ARK Multicasting, Inc. (ARK) today announced a new agreement with Microsoft. The companies will work together to test both innovative technology approaches to address the broadband gap in rural America and Azure-based media distribution using ARK’s next generation broadcast network. ARK CEO, Vern Fotheringham said, “With Microsoft’s support, ARK believes that this pilot could be the start of standardizing the groundbreaking use of ATSC 3.0 and TV white space technology to bring broadband to rural America. We believe that every community deserves to be connected, whether large or small, and we’re taking the steps to close the connectivity gap through this work.”
Sir Martyn Lewis and I met back in April to discuss the impact of technology on humanity at The Club at The Ivy in London. It was a well-received debate, so we reconvened to tackle a new subject last month. As education is one of the key industries being disrupted by technology, and a subject both Martyn and I feel passionate about, it felt apt to put it on the agenda for the evening’s discussion. The ‘Fourth Industrial Revolution’ will see an increase in workforce automation.
Artificial intelligence (AI) applications for Healthcare as the integration of digital technology into all areas of a business resulting in fundamental changes to how businesses operate and how they deliver value to customers. Beyond that, it’s a cultural change that requires organizations to continually challenge the status quo, experiment often, and get comfortable with failure. It is no secret that healthcare is expensive. Cost management and savings are a major driver of many healthcare plans, and the integration of artificial intelligence (AI) technology is no exception.
In the past few weeks, two important developments in artificial intelligence research have gone largely unheralded. Both hint at just how earth shaking – or at least industry-shattering – A.I.’s potential really is. The findings aren’t about using A.I. for marginal gains, like better ad targeting or for preventative maintenance. We’re talking about upending business models. The first item was news that a Hong Kong-based biotechnology startup, InSilico Medicine, working with researchers from the University of Toronto, had used machine learning to create a potential new drug to prevent tissue scarring.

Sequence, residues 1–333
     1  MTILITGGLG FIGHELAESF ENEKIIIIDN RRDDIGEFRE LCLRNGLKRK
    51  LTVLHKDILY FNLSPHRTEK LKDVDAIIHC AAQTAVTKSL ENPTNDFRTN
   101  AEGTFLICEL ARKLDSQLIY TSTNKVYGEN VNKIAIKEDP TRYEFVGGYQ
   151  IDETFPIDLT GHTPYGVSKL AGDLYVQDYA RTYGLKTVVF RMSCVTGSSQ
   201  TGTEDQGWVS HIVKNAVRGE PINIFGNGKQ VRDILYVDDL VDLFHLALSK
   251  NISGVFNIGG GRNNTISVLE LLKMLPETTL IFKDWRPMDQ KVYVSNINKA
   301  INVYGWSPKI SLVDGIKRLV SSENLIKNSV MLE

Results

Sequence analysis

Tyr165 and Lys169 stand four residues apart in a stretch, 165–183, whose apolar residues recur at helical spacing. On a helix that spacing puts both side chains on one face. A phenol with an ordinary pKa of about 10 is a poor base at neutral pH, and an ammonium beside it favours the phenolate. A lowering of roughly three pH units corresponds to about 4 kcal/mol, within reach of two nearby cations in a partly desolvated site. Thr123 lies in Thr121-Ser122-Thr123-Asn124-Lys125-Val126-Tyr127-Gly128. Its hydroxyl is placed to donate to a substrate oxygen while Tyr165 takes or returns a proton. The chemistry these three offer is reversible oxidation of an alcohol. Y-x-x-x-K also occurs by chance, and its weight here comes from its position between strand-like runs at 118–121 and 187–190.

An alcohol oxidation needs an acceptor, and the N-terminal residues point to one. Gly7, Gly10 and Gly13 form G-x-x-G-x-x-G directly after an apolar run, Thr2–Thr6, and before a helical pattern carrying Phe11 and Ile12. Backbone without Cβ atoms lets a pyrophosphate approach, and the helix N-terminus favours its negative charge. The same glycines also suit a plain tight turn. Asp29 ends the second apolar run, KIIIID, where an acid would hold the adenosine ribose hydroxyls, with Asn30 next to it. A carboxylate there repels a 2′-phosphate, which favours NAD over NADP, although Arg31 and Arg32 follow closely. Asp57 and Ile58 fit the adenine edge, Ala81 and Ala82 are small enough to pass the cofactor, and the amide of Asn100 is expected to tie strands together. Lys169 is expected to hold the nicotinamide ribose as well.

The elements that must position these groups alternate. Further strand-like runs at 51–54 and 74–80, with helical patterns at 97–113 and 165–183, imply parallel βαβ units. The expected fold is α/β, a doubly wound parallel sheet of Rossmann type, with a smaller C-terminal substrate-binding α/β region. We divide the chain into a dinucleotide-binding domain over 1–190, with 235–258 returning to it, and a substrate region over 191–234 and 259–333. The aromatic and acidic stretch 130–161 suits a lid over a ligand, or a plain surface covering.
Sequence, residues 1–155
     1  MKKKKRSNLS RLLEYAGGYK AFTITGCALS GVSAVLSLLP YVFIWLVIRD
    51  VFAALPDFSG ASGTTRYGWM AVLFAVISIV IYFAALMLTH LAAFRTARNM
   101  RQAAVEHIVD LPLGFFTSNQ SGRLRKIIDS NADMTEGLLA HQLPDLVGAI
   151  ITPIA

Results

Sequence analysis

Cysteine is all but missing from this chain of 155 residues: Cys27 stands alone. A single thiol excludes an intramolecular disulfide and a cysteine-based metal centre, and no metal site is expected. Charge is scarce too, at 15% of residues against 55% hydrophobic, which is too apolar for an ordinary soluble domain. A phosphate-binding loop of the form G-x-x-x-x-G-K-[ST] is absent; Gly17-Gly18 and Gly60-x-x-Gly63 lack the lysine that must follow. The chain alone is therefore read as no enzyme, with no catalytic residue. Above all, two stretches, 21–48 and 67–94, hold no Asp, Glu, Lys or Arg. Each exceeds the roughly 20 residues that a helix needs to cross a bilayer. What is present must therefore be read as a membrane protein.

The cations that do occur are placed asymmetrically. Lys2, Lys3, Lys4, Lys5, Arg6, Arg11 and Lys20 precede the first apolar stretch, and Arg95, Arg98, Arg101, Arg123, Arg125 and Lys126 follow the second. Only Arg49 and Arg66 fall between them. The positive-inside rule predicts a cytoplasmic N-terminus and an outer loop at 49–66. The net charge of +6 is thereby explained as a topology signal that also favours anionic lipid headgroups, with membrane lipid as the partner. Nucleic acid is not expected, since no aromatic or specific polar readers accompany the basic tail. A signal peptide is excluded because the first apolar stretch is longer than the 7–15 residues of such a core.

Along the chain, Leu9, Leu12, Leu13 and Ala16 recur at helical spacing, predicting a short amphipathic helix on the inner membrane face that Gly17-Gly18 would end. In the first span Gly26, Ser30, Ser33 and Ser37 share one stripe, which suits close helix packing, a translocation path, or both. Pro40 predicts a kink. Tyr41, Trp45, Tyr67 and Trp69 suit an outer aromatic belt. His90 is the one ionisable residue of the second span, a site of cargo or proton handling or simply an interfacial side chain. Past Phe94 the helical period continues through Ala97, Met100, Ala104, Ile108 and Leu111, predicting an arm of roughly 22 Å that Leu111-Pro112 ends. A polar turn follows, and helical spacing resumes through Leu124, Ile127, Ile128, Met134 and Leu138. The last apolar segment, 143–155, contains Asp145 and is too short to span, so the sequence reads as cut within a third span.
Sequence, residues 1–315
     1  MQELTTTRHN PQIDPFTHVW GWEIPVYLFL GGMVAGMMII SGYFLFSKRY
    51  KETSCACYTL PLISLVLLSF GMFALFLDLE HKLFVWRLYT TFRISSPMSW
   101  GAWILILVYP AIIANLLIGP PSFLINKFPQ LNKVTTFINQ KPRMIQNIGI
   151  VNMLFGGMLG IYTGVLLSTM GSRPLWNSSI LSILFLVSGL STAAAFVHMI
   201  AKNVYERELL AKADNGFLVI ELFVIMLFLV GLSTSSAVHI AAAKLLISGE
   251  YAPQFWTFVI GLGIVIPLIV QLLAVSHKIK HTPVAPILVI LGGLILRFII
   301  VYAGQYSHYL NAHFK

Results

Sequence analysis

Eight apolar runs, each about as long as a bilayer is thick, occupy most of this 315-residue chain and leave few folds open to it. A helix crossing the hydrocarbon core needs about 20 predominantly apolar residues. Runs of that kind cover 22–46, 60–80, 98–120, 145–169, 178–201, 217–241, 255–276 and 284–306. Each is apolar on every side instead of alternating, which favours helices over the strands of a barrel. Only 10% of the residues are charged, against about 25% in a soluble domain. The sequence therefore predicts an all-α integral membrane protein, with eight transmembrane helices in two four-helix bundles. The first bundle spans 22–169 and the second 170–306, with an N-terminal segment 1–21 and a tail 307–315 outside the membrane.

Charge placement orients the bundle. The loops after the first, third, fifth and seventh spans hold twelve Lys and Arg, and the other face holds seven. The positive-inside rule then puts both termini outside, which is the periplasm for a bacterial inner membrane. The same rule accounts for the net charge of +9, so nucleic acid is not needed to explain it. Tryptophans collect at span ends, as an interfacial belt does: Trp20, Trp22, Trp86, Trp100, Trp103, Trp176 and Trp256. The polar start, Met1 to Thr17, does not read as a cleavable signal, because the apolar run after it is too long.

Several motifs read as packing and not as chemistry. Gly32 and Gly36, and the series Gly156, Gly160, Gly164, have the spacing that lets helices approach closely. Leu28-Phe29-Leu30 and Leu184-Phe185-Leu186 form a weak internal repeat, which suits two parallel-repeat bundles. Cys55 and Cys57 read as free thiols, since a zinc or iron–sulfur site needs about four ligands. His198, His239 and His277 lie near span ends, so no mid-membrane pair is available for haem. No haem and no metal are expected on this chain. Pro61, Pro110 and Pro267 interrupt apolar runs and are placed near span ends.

People around the world marched for climate change on September 20, 2019, with protests taking place across 4,500 locations in 150 countries, all inspired by Swedish climate activist Greta Thunberg. It is obvious the call for a healthier planet is being demanded by more and more people internationally. But what is the answer? One of the questions being posed: Can Artificial Intelligence (AI) and tech companies help address climate change and save the planet? According to several experts the answer is yes.
China has a facial recognition obsession—we all know that. The country can’t seem to get enough of the tech, and what they can’t do in reality, they embellish in the media. Even as the country’s leading facial recognition developers are blacklisted by the U.S. for human rights violations, the country is expanding its use of the technology. But in late September, China’s Ministry of Industry and Information Technology announced a use for the tech that really does push its scale and invasiveness into areas so feared by privacy advocates around the world.
Facebook Inc.’s remaining partners in its digital currency project signed paperwork Monday to officially join the Libra Association, a new governing body that will oversee the social media giant’s proposed global cryptocurrency, Libra. The association’s 21 founding members — a group that shrank when numerous notable partners bailed on the project late last week — signed a formal charter in Geneva on Monday, outlining their commitment to the effort, though the new charter says that members can leave at any time.
THINK TANK/TECH TRADE ASSOCIATION HIGHLIGHTS
The American Enterprise Institute
- Blog on Antitrust and Privacy
This Friday, the House Subcommittee on Antitrust, Commercial and Administrative Law will hold its third hearing on online platforms and market power, this one focused on “The Role of Data and Privacy in Competition.” The hearing (where my colleague Roslyn Layton will be testifying) comes amidst a broader national conversation about the conduct of online platforms and the role of antitrust law in policing the behavior of tech giants. But as our friends at the Information Technology and Innovation Foundation (ITIF) noted in a blog post yesterday, data and privacy raise few antitrust concerns. Using antitrust law as a vehicle to address these issues is likely to cause more harm than good for consumers and for competition. (AEI Ideas – Modifying antitrust law to protect privacy would do more harm than good, October 16 2019)
Note: Voices for Innovation regularly shares a range of opinion articles and press releases from organizations in and publications covering tech policy. These pieces are meant to educate our audience, not to endorse specific platforms or bills.